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Is Your Jewelry Ethically Sourced?

Sep 11th 2019

Wherever you go shopping, be it for food, beauty products and more, it seems fairly easy to tell when items are ethically sourced. Usually somewhere on the packaging you’ll see each product advertised as being ethical or sustainable just as often as other labels are advertised, like cruelty-free or eco-friendly labels. But when it comes to jewelry, it's not always as clear.

In December 2000, the United Nations General Assembly resolved to create an international certification plan to standardize requirements for controlling rough diamond production and trade. Two years later, the Kimberley Process Certification Scheme (KPCS) was born, and by 2003, participating countries - including the US - began implementing KPCS rules. While this program is a positive step in the right direction, it has its limitations; it doesn’t necessarily address the issues surrounding conflict diamonds such as child labor and environmental destruction.

"It’s a great start -- but these diamonds might not be visibly labeled as such. . ."

Today, many diamond retailers are making the move towards diamonds that are 100% free of associations with environmental and human rights violations. While it’s a great start, these diamonds may not be labeled as such, and jewelers are even less likely to disclose when their gems are KPCS- certified but not completely conflict-free. Based on this issue, we’ve created a brief guide to help discerning shoppers check if they’re making a socially-conscious purchase.

1. Do Your Research

The most important first step is to do your research and know what you are looking for. Many jewelers who offer conflict- free diamonds will often have this information available on their website. They should also have additional information about the precious metals used in the jewelry they sell.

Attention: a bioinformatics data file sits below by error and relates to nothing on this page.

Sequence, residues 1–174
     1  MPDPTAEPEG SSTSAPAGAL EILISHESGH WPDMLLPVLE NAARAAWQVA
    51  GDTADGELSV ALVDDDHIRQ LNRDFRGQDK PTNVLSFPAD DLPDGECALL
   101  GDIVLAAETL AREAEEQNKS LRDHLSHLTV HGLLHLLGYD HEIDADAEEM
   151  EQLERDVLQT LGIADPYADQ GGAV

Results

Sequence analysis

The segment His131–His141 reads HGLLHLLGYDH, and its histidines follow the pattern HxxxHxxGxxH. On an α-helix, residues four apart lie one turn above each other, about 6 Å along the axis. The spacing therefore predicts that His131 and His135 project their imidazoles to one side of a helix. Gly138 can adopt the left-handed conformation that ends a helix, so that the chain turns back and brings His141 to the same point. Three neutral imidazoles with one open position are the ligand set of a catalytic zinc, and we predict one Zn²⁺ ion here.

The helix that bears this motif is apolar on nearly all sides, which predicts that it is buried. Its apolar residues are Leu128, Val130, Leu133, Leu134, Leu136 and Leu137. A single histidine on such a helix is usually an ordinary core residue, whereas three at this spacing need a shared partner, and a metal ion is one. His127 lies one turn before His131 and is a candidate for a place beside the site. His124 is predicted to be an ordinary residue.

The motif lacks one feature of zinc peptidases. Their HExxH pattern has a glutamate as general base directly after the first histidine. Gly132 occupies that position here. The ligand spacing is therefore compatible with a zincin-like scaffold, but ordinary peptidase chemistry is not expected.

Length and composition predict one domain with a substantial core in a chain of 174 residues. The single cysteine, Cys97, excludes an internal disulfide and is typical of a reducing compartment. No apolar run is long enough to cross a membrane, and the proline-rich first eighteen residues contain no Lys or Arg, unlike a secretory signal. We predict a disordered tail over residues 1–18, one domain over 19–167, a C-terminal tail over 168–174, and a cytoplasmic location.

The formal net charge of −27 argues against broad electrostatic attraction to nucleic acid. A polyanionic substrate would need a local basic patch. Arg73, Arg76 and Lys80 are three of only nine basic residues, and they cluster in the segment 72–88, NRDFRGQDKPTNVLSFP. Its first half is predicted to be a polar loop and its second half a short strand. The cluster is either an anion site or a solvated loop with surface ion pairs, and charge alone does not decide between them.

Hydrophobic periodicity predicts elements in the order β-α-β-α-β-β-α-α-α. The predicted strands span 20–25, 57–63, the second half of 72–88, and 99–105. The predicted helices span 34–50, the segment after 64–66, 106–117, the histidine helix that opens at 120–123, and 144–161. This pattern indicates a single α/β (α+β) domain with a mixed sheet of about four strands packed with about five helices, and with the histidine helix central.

If this information isn’t online, we suggest digging deeper by asking questions. Asking questions about the sourcing of your gems and metals will allow you to make a more educated and socially responsible purchase. 

2. Ask to See Certification

To know the true history of your diamond, you will want to see the diamond’s System of Warranties. Reviewing a diamond’s documentation will help ensure your diamond or gemstone was sourced ethically.

3. Check the Origins

As a general rule, avoid diamonds from countries known for violations:
· Zimbabwe
· Angola
· Democratic Republic of Congo
· Côte d'Ivoire
· Liberia
Instead, look for diamonds mined in countries where stricter standards are enforced:
· Canada
· Botswana
· Namibia
· Sierra Leone

4. Don't be Afraid to Ask the Hard Questions

Questions you should consider asking are:

· What are your ethical sourcing standards?
· Where can I find your company policies on diamond sourcing?
· Where are your diamonds mined?
· Can you track the origins of your diamonds?
· Do you stand by your diamonds ethical standards and can you back it up with documentation?

5. Beware of Vague Answers

Reputable jewelers will be able to answer any questions regarding ethically-sourced gems and gemstone certification.

We recommend that your questions should elicit information about labor laws, environmental conditions, and certifications in the history and sourcing of a specific diamond. A retailer should have their company policy on ethical sourcing readily available for their customers.

Any jeweler who does not have this information with credible documentation should be avoided.

6. Know Your Options

If you’re still not convinced you’re purchasing a conflict-free item, you can explore non-mined diamond options including loose lab-created diamonds and the diamond-like gemstone, moissanite.

At Icing On The Ring, we are committed to providing high-quality, ethically sourced diamonds. If you’d like to learn more about lab-grown diamonds vs. real diamonds, other synthetic vs. real diamonds, and see a moissanite vs. diamond side-by-side, give us a call or stop by our downtown LA showroom. We’re happy to discuss your options and find jewelry that is up to your responsible buying standards.

Learn more here.

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